In this way, there was no room for personal ego and no room for taking credit for whether or not your particular art “did well” as it was the unseen spirit entity that was seen as the source of inspiration. Either “they” did a good job working through you, or “they” did not.
It was the artist’s job to turn up and create, and then if there was an opportunity to “capture” a thought, inspiration or idea the “spirit” or “muse” could use that artist to bring it to birth.
Sometimes they managed to convey words, or paint, or sculpt in such a way that moved people, but THEY as the artist, were not revered as a genius but they were esteemed due to the fact, that they were seen as working on behalf of “a genius” (an unseen creative entity, that worked through them).
Author, Elizabeth Gilbert describes her work as a creative as “magical.” She said people might ridicule her for believing in “fairies,” but she believes it is as good a reason as any she has heard for describing the creative process and those moments where “flow” and “magic” occurs.
Most artists have times where they know that sometimes the works, creations or words that flow through them appear to be divine, or come from “other” than themselves.
She sometimes “asks” her muse, her unseen spirit guardian or angel “what do you want me to say today?” and sometimes that works, and sometimes it does not.
But, she no longer sees herself as being the ONE that has to be responsible and that it is HER that is the genius or the writer, or artist, or has all the talent. She is a conduit. She sometimes may be used, and mostly she is not, but it is her job to turn up and create, and then she is available for if she is chosen to be used.
Some may say this is arrogant.
Who are you to believe that you could be used, to convey something, or write something, or make something?
But who are we not to believe this?
It doesn’t matter if the platform we put out our words on (Medium, a website, a magazine, a newspaper, a book) is seen by millions or one, or none.
- We do the work. We show up. We do our part.
- If our muse wants to show up, then they will, and they can use us.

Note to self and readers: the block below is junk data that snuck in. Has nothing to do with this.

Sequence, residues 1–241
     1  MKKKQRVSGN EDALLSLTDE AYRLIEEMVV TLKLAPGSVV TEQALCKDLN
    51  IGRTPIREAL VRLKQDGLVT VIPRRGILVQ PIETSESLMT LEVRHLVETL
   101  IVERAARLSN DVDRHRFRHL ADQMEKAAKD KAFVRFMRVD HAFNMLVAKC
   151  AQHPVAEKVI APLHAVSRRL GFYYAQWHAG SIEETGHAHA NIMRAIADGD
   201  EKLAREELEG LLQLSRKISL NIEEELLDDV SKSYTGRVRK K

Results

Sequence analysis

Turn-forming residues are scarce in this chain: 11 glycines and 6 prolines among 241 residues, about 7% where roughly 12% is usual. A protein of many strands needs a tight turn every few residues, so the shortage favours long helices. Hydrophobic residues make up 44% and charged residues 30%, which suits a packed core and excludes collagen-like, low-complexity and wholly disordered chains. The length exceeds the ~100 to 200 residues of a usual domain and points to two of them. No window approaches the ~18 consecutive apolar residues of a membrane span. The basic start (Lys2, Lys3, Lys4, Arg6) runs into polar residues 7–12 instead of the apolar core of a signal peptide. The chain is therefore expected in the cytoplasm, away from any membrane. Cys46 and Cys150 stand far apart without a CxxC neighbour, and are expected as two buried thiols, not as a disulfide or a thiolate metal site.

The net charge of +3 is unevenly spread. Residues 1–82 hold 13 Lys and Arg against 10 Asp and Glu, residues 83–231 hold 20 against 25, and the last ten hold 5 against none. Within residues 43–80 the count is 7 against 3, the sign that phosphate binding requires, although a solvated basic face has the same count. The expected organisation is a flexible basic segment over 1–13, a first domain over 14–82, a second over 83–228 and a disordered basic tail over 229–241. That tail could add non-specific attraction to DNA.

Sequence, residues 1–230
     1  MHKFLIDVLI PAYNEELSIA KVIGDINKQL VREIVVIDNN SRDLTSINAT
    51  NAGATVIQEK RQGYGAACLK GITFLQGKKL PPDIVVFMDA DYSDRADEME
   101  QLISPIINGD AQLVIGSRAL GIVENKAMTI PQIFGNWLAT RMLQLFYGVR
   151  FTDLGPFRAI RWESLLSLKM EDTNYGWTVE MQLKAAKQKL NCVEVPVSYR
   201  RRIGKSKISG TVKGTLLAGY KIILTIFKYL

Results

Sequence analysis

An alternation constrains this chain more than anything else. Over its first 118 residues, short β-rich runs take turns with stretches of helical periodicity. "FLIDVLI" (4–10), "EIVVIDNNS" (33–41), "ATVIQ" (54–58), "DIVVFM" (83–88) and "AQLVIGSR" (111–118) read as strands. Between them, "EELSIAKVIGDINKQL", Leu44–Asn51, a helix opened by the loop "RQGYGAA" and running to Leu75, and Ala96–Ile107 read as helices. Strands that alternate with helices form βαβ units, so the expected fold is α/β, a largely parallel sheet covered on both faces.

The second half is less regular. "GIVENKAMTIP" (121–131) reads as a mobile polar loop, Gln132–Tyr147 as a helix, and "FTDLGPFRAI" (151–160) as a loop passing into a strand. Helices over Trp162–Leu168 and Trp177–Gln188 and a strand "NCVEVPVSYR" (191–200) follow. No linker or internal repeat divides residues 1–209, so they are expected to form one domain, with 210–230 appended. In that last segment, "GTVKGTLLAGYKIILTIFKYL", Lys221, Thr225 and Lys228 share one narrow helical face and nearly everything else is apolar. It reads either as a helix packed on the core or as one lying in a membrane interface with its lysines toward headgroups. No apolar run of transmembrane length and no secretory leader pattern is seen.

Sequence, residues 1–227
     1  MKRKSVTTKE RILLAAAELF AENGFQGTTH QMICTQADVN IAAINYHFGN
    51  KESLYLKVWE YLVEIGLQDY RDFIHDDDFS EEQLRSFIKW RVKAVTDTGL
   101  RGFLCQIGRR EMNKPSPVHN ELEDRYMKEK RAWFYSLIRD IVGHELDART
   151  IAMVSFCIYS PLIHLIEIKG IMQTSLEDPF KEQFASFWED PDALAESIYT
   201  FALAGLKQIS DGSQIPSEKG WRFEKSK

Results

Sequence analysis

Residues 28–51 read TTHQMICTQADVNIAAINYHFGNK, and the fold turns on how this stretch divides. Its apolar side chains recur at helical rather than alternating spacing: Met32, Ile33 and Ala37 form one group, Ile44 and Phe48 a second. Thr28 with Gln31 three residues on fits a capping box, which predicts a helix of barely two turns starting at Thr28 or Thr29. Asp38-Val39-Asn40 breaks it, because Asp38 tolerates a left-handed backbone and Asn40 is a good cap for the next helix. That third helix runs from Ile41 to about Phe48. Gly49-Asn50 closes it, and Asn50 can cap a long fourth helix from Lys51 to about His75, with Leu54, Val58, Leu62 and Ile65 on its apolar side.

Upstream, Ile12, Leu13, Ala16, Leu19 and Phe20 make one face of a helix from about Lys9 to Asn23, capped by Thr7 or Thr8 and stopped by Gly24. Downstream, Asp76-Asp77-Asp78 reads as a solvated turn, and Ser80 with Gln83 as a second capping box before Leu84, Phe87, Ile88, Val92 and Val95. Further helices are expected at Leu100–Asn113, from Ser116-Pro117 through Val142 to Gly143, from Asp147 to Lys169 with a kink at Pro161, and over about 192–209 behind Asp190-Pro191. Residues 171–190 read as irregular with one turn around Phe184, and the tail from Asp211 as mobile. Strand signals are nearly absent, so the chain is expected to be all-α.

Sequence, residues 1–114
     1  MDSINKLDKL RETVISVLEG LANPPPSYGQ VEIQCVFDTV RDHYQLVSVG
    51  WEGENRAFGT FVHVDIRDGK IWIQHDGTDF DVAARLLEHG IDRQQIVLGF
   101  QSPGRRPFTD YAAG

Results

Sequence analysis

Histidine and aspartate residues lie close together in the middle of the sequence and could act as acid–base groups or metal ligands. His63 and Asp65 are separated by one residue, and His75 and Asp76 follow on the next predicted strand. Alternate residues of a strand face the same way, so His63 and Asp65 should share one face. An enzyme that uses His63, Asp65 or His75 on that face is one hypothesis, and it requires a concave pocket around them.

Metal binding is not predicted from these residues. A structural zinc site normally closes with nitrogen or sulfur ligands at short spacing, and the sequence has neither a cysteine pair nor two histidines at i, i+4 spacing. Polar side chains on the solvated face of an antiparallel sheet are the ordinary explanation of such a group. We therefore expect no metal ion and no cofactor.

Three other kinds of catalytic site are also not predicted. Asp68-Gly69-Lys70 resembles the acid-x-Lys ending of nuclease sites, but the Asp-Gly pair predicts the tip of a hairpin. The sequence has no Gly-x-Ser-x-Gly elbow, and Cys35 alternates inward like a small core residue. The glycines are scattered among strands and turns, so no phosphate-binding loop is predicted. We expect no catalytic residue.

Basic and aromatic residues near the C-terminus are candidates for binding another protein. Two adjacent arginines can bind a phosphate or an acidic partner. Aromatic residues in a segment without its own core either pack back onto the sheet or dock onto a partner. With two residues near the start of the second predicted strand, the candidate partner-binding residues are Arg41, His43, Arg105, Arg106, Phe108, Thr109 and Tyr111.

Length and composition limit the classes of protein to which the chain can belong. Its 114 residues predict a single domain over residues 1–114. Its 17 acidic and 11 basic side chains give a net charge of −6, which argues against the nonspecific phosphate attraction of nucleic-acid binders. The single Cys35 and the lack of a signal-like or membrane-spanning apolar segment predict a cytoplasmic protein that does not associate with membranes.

- If we don’t sit down and make ourselves available, then they will go and find someone else they can use.
- They won’t always choose to work with us every time we write.
Sometimes it is our own words and our inspiration. And that is okay. We don’t know when or how we may be chosen to bring something to birth or fruition.
Humility is key.
But looking at our creative endeavors this way takes all the pressure off us.
- It doesn’t mean we don’t do the work, hustle and do pitches and put our work forward to as many places as possible.
- It doesn’t mean we stop trying to be better writers, improve our grammar, and editing, and improve our core skill sets.
- It also doesn’t make us think we are special.
We are of service, and we may or may not be used.
It takes the pressure off.
If we turn up, do the work, and open ourselves up to the creative energy and flow, and write with pure intent, then if our words find an audience, and who that audience is, how large it is, and what impact they will have — that is a collaboration. It is not all on us.
We do the work.
We do our best to get our words out there.
We let our words go.
Then the people who read them, if they are meant to find them, will see them.
It is not always up to us to know.
Just because we may not get on the front page with Medium, be invited to work with a top publishing company, be offered a book contract, or read by thousands, does not mean our words are not of value.
Our words may be read by a single mother at night, who has been up for hours with a crying baby, who is ready to throw in the towel, and be the reason she reaches out on the phone for help before she harms herself or her baby.
AND we may NEVER know.
Our words in this situation may have had more power than being read by thousands who may find our post “interesting” or “enjoyable” but not life-changing.
But we don’t know. And we don’t have to know.
Having this new relationship with writing means I committed to showing up and write regularly.
Some things I write I publish. Other things I write never will see the light of day.
But I write.
I know that all I have to do is write, and then release those words into the world.
They may impact none, one or many.
And it is all okay.